The story of an engineer meeting hyper-casual

Umut Onel, Game Lead at Sunday tells the story of how he met hyper-casual.
sunday hyper casual
Umut Onel says that game development is his passion, and he is happy to be a part of the Sunday team.

The hyper-casual industry is full of people coming from different countries, cultural backgrounds, and even different careers. Hyper-casual makes game development, game design, and game art accessible to everyone, through its hands-on approach of fast development times and small but extremely scalable projects. 

Umut Onel works as a Game Lead at Sunday. He did not study game design or anything related to video games. He studied Material Engineering at the METU in Ankara with his only connection to video games being his childhood. In his second year, his roommate asked him if he wanted to help out developing a video game. He had some experience in software development but this became the kick-off for his career in hyper-casual:

“I have always been interested in games, you know, gaming in general. But I’m not a gamer! I don’t call myself a gamer, but I was into it. In my free time, I started as a 2D artist and then slowly became a game designer so to speak and from there started to develop games and teach myself the groundwork of coding.”

Umut Onel, Game Lead at Sunday
Umut Onel, Game Lead at Sunday

While engineering studies’ also included simple C coding classes, it was an incubator program on campus that sparked Umut’s ambition to work in game development. Umut and his roommate still went to all necessary classes to receive their bachelor’s degree but they really spent most of their time after and in between classes at the pre-incubation center “ATOM”. It provides space and resources at no cost but pleads to its members to connect and share their efforts and experiences with others in the gaming community.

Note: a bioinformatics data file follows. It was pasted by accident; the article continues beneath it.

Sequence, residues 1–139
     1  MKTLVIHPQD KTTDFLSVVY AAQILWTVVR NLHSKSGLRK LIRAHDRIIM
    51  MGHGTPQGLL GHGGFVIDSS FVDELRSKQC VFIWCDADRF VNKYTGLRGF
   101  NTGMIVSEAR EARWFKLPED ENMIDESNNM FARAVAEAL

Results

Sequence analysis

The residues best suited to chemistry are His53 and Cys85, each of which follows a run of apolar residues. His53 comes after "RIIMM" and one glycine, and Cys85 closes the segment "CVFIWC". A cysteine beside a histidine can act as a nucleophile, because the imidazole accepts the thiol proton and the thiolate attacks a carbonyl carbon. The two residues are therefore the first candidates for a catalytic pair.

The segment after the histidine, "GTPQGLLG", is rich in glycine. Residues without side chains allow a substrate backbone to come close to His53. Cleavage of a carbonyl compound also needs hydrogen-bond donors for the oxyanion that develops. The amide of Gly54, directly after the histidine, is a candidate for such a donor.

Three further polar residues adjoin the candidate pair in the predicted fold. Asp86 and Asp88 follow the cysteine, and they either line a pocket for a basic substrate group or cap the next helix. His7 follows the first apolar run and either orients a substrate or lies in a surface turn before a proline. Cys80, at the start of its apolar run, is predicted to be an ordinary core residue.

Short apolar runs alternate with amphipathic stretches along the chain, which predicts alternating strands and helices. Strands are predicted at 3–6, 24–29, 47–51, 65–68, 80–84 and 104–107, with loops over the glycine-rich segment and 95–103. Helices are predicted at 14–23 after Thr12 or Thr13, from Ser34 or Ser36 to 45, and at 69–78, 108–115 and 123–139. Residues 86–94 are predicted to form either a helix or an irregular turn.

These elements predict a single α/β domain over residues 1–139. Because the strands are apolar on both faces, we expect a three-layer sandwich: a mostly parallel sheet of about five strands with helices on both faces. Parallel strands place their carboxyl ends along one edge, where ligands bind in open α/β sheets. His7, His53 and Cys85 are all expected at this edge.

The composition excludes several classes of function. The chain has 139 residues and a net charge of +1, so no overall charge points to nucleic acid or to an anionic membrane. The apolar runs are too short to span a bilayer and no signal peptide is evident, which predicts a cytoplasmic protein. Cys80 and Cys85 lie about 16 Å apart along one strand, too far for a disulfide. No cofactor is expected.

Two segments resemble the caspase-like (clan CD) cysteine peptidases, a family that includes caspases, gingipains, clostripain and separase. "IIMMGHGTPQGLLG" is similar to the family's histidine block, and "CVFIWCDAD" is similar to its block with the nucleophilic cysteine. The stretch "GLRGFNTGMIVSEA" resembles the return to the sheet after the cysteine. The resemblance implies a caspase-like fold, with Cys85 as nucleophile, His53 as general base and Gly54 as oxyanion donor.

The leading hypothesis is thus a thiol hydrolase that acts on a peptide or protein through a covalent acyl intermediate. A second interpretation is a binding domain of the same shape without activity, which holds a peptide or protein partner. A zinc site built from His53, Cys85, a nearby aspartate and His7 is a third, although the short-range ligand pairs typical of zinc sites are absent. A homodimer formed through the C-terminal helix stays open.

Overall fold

It was clear for Umut that after graduating he did not want to work in the materials industry, doing the same thing every day. Game development was his passion and even though their work was still nothing more than a hobby, he chose to do stuff that he enjoyed and where he could embrace his creativity:

“In-game development the only limit is your creativity. You can do anything. Creating things that million people can enjoy and that you enjoy while creating. For example: When you create a mechanic and can’t stop playing while testing it, you know you’ve created something valuable. I enjoy all parts of development but especially when your product design takes shape and connects with development and art, that’s when the magic happens! At the time we obviously didn’t aim to get money. But I saw some other guys getting really good money and I thought: “Wow! Okay! Yeah, we can do that too.” And so I learned both the technical side of the game industry and the business side there. If you saw interesting projects you were just asking, like, how do you do that and they just told you all the “secrets”. That was the spirit at ATOM.”

By that time, around 2016/2017, hyper-casual slowly started to become a known label for a special kind of ad-monetized games and while most games were still monetized through purchases on the app stores. Umut and his friend also released their first hit to the Apple app store and got featured on the front page: “Newton – Gravity Puzzle”. It was a huge success for the young developers and created a good amount of money. So while Umut and his partners were graduating from University, they were already making money in game development and it was pretty clear that their future was in hyper-casual.

“To ‘become’ hyper-casual, actually, was totally natural for us. Since we were a small team with two people, we weren’t able to make big games. We started making small games which converted us to hyper-casual. So when I gained this hyper-casual experience on both technical and business viewpoints, I just continued on that.